Those who flocked yesterday to the cinema to watch Oppenheimer expected Christopher Nolan’s epic depiction of the Hiroshima and Nagasaki nuclear explosions to include incredible visual effects.
This is not what they got, but they were not disappointed either. They got to watch one of Nolan’s best and most ambitious works, especially in terms of narrative structure, something that not all directors are able to achieve.
The film had the director’s fingerprint all over its visuals and sounds — a signature that fans have come to know through the "Batman" trilogy, "Memento", "Inception", "Insomnia", "The Prestige", "Interstellar" and "Tenet".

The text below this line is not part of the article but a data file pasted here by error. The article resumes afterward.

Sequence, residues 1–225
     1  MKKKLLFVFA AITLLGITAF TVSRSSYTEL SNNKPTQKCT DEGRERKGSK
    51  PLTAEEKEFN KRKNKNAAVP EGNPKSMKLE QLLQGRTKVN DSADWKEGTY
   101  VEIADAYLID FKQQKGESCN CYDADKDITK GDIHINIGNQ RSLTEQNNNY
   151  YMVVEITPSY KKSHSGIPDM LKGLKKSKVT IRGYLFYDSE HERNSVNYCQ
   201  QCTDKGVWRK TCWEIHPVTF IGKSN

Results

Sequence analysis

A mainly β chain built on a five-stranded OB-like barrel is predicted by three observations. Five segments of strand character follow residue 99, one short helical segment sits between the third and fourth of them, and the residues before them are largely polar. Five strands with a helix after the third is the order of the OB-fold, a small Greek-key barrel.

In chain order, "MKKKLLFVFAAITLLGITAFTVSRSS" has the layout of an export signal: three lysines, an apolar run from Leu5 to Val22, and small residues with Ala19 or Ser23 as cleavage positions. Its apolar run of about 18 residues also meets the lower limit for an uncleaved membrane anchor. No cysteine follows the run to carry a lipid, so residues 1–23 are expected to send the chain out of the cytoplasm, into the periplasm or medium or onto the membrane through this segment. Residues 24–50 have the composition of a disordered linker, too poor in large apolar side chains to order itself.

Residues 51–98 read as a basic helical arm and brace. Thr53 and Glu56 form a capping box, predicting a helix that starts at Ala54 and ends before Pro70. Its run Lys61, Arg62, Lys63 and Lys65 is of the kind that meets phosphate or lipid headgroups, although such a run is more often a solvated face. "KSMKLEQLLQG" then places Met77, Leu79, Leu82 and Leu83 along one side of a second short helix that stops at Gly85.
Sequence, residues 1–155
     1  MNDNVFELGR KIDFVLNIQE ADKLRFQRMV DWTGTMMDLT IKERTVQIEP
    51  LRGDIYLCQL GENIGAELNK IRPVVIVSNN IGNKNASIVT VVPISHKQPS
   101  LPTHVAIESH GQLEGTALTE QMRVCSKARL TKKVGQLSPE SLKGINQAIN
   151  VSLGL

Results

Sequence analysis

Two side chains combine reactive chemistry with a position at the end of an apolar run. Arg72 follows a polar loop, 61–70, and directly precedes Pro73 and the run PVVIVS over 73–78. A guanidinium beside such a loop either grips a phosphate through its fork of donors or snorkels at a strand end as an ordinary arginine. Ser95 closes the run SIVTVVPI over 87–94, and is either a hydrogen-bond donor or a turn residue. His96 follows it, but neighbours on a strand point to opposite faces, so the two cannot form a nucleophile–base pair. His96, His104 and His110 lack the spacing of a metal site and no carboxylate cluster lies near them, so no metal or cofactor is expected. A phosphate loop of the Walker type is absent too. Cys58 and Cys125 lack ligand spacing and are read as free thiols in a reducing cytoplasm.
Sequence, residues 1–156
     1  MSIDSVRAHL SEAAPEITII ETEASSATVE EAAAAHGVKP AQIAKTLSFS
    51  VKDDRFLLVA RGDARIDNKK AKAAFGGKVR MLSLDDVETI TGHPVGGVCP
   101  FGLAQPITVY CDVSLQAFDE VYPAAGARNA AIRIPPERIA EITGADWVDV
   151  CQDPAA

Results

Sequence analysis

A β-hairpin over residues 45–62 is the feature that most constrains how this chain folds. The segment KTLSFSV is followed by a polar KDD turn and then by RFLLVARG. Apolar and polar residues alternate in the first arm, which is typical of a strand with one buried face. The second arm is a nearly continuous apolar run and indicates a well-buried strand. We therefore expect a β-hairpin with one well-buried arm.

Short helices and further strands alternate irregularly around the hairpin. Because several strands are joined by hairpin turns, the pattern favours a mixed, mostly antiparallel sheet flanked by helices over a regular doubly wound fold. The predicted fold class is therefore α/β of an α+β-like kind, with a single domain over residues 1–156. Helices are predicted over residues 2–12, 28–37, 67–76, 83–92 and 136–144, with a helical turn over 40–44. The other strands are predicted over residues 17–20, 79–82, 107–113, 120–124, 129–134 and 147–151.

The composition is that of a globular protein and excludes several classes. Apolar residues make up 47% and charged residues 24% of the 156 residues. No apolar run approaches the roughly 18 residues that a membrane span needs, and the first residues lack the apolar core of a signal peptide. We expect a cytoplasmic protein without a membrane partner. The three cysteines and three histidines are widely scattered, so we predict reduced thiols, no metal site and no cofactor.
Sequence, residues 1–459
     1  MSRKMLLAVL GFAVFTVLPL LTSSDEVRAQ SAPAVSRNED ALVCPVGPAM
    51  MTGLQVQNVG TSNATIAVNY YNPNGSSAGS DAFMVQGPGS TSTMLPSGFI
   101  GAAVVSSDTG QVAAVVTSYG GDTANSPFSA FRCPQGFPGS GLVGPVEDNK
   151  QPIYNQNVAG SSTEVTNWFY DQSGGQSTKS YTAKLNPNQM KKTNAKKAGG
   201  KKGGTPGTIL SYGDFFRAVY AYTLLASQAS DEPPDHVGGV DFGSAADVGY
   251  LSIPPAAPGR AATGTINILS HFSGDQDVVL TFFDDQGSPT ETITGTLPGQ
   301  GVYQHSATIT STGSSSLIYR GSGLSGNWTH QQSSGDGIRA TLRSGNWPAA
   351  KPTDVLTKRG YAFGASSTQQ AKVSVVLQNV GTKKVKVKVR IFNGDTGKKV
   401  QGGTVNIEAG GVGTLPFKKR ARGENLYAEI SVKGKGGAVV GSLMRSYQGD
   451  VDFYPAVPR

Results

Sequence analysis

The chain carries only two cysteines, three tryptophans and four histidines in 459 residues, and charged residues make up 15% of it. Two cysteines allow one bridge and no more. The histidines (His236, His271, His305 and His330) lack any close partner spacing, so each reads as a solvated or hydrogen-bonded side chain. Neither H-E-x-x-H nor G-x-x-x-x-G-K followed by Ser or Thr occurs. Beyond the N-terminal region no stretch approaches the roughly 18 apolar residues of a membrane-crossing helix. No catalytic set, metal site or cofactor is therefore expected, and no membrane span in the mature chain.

A living nightmare
From the moment this large project was announced, the question on everyone’s mind was: How will Nolan convey one of history’s darkest and most controversial moments, the creation of the atomic bomb and its use during World War II, onto the big screen?
Can images and words explore the depth of this living nightmare created by humans? A nightmare that changed the course of events (World War II) and the world as we know it. It transported humanity into a new world, as the father of the atomic bomb, J. Robert Oppenheimer, tells Albert Einstein in one of the scenes.